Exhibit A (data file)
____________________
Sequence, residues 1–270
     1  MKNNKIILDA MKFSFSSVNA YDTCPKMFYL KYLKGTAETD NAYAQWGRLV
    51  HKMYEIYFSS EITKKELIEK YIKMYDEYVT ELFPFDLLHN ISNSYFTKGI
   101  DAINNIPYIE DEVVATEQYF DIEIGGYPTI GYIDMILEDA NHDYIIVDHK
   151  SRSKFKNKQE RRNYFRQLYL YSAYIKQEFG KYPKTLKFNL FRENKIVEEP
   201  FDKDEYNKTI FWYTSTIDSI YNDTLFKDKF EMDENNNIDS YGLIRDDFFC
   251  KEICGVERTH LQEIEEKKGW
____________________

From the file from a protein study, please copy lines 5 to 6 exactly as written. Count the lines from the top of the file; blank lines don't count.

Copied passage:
   151  SRSKFKNKQE RRNYFRQLYL YSAYIKQEFG KYPKTLKFNL FRENKIVEEP
   201  FDKDEYNKTI FWYTSTIDSI YNDTLFKDKF EMDENNNIDS YGLIRDDFFC